Theater Review:‘Take It’
The third time is supposed to be the “charm,” but possibly not where theatrical productions are concerned.
Despite a Pulitzer Prize-winning script by Moss Hart and George S. Kaufman that gained the reputation as one of the most popular and successful plays of modern times, Pennsylvania Playhouse’s third staging of “You Can’t Take It With You,” continuing through April 9, got off to a slow start and never quite hit the mark.
Under the direction of Brian McDermott, “You Can’t Take It With You” chronicles the foibles of a Great Depression-era household full of zany characters and their whimsical predilections.
At the head of the household are Paul Sycamore (Thomas F. Mattei) and his wife Penny (Elaine Pfeil). He makes fireworks in the basement of his home, and she has been writing plays, all unpublished, ever since a typewriter was mistakenly delivered to her house.
The March 31 performance, seen for this review, was marred by some uneven acting, sluggish pacing and poor comedic timing. In particular, there weren’t many laughs until the arrival of the IRS investigator nearly halfway through Act One.
Despites these shortcomings, there’s still a lot to appreciate in the production. The exchange between the IRS man (Jerry Brucker) and the grandfather (John Corl), who hasn’t paid his income tax in years, is one of he better scenes.
Jenna McBreen gave a convincing performance in the last scene of Act One as Alice Sycamore, the only “normal” member of the dysfunctional family, who is in love with her boss’s son.
Elaine Pfeil, as the zany painter mother turned playwright, is the only actor who really delivered on believable eccentricity. Her character kept the action going through all three acts.
Laughs increased in the second act with the unexpected arrival of the Kirbys, Alice’s prospective in-laws.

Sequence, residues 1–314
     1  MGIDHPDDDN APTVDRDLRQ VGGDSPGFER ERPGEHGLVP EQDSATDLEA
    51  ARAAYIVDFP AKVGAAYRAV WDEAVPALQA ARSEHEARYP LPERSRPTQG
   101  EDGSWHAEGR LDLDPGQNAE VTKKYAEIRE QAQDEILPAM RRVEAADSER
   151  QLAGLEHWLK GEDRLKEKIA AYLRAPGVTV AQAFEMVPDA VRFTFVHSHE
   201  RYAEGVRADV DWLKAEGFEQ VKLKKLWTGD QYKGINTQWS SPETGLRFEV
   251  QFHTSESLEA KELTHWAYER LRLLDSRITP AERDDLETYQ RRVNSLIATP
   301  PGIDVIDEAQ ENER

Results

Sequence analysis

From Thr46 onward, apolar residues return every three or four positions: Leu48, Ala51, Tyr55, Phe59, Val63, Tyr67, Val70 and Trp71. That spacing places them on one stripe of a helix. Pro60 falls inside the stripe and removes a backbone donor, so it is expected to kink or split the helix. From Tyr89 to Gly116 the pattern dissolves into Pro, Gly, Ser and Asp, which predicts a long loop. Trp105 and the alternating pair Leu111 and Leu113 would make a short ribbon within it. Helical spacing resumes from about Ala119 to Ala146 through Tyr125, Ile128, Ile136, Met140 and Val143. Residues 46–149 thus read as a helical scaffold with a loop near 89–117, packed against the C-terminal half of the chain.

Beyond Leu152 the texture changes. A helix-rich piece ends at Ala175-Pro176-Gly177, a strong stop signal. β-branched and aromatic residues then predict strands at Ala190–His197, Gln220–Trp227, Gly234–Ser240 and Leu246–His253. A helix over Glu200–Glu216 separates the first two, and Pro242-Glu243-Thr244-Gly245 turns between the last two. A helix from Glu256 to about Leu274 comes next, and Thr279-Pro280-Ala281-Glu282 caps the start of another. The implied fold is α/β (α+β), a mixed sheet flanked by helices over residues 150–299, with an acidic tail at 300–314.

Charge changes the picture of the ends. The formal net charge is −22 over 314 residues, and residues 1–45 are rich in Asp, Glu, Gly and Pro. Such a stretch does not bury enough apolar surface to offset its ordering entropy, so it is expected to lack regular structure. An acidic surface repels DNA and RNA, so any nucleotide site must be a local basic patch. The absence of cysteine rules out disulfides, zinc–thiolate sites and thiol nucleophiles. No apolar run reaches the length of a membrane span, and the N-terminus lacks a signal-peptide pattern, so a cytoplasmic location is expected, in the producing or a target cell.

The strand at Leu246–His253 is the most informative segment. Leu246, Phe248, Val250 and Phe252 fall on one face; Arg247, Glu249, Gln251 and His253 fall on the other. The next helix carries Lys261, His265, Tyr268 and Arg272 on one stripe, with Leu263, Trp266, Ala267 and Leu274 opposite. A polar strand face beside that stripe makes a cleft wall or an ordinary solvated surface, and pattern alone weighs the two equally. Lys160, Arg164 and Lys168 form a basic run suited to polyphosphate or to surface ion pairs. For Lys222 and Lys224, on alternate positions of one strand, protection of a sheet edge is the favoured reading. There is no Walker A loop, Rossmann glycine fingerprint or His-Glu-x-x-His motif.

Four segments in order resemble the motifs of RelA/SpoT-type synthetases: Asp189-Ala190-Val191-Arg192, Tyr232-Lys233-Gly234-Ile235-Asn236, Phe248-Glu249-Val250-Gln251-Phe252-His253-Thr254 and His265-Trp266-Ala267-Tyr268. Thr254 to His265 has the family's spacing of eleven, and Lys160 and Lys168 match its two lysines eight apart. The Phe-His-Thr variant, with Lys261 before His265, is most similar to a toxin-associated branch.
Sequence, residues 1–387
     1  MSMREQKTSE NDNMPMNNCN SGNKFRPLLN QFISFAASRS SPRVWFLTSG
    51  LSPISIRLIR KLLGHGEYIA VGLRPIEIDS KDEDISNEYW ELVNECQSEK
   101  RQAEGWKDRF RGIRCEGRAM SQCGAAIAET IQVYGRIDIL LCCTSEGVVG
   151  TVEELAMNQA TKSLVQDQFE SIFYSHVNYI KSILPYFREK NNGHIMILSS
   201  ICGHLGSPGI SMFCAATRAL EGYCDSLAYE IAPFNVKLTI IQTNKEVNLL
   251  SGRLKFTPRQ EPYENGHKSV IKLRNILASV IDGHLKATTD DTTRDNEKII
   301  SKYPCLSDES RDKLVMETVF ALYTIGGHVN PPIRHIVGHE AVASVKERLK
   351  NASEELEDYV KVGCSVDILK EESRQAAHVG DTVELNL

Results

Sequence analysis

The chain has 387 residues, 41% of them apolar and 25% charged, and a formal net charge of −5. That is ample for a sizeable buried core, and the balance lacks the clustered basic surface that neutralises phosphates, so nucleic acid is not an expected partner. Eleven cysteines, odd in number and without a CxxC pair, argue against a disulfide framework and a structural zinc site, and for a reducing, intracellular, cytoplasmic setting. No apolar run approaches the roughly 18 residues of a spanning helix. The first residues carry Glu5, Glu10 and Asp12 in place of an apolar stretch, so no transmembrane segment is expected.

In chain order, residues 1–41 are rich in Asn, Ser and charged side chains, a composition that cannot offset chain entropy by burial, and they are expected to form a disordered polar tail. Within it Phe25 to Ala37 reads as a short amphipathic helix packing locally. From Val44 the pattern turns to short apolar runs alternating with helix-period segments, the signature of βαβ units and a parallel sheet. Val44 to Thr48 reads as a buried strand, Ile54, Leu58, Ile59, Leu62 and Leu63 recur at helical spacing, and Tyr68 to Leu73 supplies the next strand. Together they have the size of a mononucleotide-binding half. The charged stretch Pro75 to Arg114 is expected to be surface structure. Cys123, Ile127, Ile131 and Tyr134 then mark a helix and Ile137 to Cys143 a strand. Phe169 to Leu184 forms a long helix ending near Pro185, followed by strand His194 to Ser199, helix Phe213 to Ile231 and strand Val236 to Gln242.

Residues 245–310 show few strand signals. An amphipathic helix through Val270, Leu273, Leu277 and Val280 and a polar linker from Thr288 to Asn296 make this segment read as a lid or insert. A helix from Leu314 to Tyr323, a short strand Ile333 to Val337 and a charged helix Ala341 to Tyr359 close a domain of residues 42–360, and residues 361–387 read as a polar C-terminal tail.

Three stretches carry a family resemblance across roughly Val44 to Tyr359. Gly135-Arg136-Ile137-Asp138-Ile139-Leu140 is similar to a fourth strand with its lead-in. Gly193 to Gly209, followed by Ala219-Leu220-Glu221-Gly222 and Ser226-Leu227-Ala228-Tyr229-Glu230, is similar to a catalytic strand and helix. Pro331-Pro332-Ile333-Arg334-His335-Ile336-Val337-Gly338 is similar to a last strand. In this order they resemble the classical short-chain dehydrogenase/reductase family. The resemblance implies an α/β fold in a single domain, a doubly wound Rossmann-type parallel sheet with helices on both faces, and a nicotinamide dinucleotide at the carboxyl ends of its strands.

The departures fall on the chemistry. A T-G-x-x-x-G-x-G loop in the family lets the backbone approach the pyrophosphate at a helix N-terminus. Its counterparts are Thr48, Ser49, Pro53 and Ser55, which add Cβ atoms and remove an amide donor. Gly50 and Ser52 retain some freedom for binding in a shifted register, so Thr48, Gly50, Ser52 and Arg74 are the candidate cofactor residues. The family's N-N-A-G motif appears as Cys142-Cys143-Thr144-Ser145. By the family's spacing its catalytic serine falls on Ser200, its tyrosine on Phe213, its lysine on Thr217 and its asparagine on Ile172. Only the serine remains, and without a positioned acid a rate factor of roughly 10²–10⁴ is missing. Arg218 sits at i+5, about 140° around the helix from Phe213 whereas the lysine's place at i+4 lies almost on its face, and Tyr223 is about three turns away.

Susan Burnett reprises the role of Miriam Kirby that she played in Pennsylvania Playhouse’s 2004 production of “You Can’t Take It With You.” Despite having few lines, Burnett silently and very adeptly expresses her disdain, confusion, embarrassment and exasperation. The pace picked up and Act Two literally ended with a bang.
Act Three is the play’s mantra. The audience is led to see that the balmy characters in the Sycamore household aren’t so balmy after all because they understand that family and happiness are more important than riches, and happiness comes from following your passions. Though a product of the Great Depression, the play’s ideas resonate today.
The set, designed by Dan Lewis and McDermott, deserves mention for its functionality and appropriateness. It’s a homey circa 1930s living room-dining room combination with a staircase, French doors leading to the front hallway and a swinging kitchen door. Set decoration is by Mary Catherine Bracali and Steven Rosenblum. It was fun to look around and try to identify the items that cluttered the walls and table surfaces, including a pair of boxing gloves.
Costumes by Todd Burkel are reflective of the period, status and income level of the 19 cast members and their various characters, ranging from professional men to a Russian grand duchess.
Tickets: paplayhouse.org, 610-865-1192